Chamber Music Review Print



A Little Sunday Afternoon Traveling Music

November 13, 2005 - Durham, NC:


The Mallarmé Chamber Players presented Bonnie Thron and Friends on Sunday afternoon, November 13, at First Presbyterian Church in downtown Durham. The concert was also a celebration, with First Presbyterian Church, of pastor Joe Harvard's 25 years of leadership in the community. The church sanctuary was nearly full, and a friendly and celebratory air prevailed through the performances and during the pleasant reception that followed.

The "Music on Main Street" concert began with one of Beethoven's five sonatas for piano and cello, specifically the Sonata in A Major, Op 69, composed 1805-6 and sent to the publisher with a group of manuscripts that included the Fifth and Sixth Symphonies. Pianist Jane Hawkins, familiar to Triangle audiences for her frequent appearances with other soloists and diverse groups here and far beyond, joined Thron. They formed a solid collaboration in the performance of Beethoven's powerful and moving music. With conviction and sensitivity, Thron launched into the opening allegro melody, a melody not quite melancholy but with a touch of wistfulness, soon joined by piano arpeggios. Beethoven develops his theme through an impressive pizzicato cello passage and some typically stormy interludes. The middle scherzo movement was both lively and pastoral; it may have had some genesis in the same inspirational pool as the Sixth Symphony. The third movement begins with a serious adagio passage and moves into allegro vivace, with some beautiful cello solo passages that were then matched by marvelous piano work with a cello descant. A couple of deceptive cadences (how Beethoven loved to do this!) may have left some in the audience with a "shave and a hair-cut..." feeling, but the piece moved on with vigor until the final certain cadence. The performances of both Thron and Hawkins were solid, sensitive, and well balanced.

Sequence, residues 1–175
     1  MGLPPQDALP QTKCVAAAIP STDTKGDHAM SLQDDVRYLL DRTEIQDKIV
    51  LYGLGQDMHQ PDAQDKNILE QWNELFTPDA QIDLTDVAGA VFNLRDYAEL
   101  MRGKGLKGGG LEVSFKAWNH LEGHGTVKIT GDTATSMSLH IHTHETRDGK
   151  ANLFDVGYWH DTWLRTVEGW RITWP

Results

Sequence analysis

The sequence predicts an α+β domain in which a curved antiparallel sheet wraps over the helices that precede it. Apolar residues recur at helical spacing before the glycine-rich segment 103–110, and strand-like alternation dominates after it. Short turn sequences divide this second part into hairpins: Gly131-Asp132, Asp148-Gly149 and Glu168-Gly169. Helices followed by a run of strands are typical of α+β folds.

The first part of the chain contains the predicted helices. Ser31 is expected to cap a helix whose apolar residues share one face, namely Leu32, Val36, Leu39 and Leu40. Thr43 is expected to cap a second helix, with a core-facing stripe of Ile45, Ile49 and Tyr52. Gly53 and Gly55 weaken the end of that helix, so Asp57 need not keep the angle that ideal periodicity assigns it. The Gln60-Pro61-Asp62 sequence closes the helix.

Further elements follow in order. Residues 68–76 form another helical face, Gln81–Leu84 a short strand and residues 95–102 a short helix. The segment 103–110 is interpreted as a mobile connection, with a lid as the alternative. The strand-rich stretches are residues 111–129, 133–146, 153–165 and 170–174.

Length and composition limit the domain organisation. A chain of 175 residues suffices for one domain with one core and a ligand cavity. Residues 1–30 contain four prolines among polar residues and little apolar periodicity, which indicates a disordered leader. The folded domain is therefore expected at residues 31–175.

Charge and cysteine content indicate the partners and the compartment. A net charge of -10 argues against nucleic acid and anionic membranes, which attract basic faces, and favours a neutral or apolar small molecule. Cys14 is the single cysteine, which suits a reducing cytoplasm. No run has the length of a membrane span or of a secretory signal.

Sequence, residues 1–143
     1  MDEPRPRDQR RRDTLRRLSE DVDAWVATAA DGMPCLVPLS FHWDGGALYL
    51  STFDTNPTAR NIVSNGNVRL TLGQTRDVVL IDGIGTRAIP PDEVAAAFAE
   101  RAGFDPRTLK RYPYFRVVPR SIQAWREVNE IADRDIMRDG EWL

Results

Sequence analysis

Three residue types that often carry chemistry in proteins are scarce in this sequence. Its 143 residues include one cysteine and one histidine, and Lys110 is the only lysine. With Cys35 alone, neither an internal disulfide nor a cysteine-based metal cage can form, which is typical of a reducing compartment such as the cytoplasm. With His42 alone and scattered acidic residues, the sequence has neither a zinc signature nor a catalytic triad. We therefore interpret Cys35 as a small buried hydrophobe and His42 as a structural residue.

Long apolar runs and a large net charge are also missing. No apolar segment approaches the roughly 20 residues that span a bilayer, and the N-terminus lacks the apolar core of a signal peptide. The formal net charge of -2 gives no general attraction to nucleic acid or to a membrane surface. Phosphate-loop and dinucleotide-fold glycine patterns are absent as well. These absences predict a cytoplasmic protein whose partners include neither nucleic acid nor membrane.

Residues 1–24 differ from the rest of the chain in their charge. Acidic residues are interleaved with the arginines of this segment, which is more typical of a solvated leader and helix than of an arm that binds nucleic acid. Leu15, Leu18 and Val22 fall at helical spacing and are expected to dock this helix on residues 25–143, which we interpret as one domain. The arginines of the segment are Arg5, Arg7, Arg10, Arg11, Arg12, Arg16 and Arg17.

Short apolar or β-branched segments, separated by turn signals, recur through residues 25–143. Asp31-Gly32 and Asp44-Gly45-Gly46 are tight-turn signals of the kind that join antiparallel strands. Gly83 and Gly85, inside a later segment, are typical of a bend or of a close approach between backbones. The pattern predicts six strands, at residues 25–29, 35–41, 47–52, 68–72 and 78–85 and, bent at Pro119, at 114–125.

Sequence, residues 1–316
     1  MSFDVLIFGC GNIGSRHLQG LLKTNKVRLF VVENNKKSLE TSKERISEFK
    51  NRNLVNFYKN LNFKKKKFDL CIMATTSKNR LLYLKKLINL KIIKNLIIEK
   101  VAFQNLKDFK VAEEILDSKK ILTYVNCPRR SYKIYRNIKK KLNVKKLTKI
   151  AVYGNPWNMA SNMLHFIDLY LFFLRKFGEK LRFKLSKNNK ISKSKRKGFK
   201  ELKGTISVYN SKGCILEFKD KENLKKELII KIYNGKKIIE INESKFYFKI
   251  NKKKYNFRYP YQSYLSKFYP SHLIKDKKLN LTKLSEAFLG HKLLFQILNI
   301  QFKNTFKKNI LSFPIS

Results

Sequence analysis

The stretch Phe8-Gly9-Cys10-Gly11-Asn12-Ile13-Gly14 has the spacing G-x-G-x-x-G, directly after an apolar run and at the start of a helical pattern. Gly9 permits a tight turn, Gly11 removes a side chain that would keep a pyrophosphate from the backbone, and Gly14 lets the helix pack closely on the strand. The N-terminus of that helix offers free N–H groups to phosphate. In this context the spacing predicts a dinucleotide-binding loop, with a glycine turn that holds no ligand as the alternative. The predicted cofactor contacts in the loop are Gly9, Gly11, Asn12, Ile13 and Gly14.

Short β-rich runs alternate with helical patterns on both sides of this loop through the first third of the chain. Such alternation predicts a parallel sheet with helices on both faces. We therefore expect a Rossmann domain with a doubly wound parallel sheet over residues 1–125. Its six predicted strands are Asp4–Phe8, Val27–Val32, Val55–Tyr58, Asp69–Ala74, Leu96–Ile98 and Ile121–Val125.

The next friend to join our cello mistress of the day was Mallarmé's (and the Ciompi Quartet's) Eric Pritchard. Zoltán Kodály's Duo for violin and cello, Op. 7, was composed in 1914. One thinks of Kodály in terms of his intense interest and love of Hungarian ethnic music. He and his friend Béla Bartók collected and catalogued over 100,000 folk songs, an incredible historic treasure; many of them infuse their music. The setup of a duo is an ideal format for a variety of conversations – bickering and commiserating, chatting and commenting to each other. Near the end, the cello makes a very powerful assertion (in a most striking melody) and is answered just as powerfully and beautifully by the violin, while the cello provides support with rhythmic plucked open fifths. Very nice music. Very nice playing. Very nice indeed!

The program closed with Gabriel Fauré's four-movement Piano Quartet in C minor, Op. 15, the first of his two works in this form. It was penned between 1876 and 1879 with some final revisions in 1883. For this performance, Thron was joined by Pritchard, violist David Marschall, and Hawkins. After a full-throated introduction in the strings, the piano introduces a bright and lilting melody over a soft string background. The music develops with lyrical episodes for each of the instruments and in combinations. In my notes I characterized the scherzo, with plucked strings and dancing piano, as "Perfect Sunday afternoon traveling music." In the adagio, the cello introduces a melancholy theme which, instead of falling down the scale in sadness, actually rises as the sadness intensifies till finally, with the help of the whole ensemble, the sadness is absorbed and dissipated. (The quartet was written during a time Fauré was grieving the loss of his fiancée and their five-year romance.) The final movement seems to say, "Well all right then, let's get on with it." The music, with runs in the piano, is a little uneasy at first, but more determination is introduced, and an almost march-like theme leads to a positive ending.

Bonnie Thron, principal cellist with the North Carolina Symphony for five years, possesses an accomplished and graceful technique as well as a gracious personality, and she seems to gain friends wherever she plays. How fortunate for us that she has friends like Hawkins, Pritchard, and Marschall, and how fortunate we were to have had this opportunity to hear them make music together!